|Illustration from Meta SpaceGlasses|
OSVR includes two independent parts: an open-source HMD (the "Hacker Development Kit") and the OSVR framework, a free and open-source software platform that provides an easy and standard way to discover, configure and operate a wide range of virtual reality and augmented peripherals.
Examples of such peripherals could be head trackers, hand and finger sensors (like Leap Motion and SoftKinetic), gesture control devices (such as the Myo armband and the Nod ring), cameras, eye trackers and many others. It turns out that most of these devices are used not only in virtual reality applications but also in augmented reality applications and so the services that the OSVR framework provides are just as useful for AR as they are for VR.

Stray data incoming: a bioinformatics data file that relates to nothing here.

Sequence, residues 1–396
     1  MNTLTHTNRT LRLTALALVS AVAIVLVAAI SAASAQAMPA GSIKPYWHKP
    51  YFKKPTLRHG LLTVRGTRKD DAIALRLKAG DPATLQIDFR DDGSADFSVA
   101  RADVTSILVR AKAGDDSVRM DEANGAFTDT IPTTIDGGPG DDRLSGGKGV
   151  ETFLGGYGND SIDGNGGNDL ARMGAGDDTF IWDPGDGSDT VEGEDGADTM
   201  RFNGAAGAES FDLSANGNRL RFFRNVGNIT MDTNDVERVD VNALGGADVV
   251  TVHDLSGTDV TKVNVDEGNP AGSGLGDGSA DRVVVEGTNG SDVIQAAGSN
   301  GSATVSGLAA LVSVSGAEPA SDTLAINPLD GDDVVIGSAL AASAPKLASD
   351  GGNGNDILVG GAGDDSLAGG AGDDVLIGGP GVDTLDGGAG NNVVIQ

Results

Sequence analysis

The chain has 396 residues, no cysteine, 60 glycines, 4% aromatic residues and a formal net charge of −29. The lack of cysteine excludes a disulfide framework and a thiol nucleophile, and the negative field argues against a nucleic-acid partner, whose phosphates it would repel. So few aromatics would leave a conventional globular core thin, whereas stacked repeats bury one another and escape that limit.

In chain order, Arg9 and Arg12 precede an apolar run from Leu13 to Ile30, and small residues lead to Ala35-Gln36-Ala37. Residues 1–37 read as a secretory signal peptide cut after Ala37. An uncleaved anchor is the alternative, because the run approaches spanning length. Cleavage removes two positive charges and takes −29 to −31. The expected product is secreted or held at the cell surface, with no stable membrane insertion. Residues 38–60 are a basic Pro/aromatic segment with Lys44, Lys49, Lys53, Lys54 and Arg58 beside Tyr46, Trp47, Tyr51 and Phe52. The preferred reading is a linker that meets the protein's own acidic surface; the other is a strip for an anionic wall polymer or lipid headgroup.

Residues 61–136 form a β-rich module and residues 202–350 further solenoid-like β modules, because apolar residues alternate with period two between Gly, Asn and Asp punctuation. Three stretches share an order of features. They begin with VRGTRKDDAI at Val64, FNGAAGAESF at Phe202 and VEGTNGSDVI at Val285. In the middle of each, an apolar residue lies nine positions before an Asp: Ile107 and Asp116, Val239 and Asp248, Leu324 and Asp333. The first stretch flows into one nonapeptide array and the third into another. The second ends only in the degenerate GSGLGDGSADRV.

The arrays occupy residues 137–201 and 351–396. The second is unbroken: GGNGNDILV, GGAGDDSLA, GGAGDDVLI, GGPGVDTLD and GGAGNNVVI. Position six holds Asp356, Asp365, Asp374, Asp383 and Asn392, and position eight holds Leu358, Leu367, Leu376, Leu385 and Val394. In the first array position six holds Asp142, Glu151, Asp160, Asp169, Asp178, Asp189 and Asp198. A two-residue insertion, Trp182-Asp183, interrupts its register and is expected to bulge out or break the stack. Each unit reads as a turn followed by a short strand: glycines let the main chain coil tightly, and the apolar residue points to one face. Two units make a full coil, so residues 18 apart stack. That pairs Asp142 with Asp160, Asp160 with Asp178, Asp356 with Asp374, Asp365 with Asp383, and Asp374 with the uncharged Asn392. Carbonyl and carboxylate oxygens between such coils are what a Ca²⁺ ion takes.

What are these services that OSVR provides? There are many different services, but some of them are:
- Discovery. Determine what peripherals and devices are connected to the system
- Configuration and autoconfiguration. Configure each peripheral and the interconnection between them.
- Operation. Extract data and events from the peripherals and pass it on to the application in a standardized way. Support both a state (synchronous) and an event (asynchronous) programming model or any combination thereof.
- Store and restore configuration to/from a file or the cloud.
- Provide user parameter such as eye separation.
- Provide optimized connectors to popular engines such as Unity and Unreal.
- Support of multiple operating systems and hardware platforms.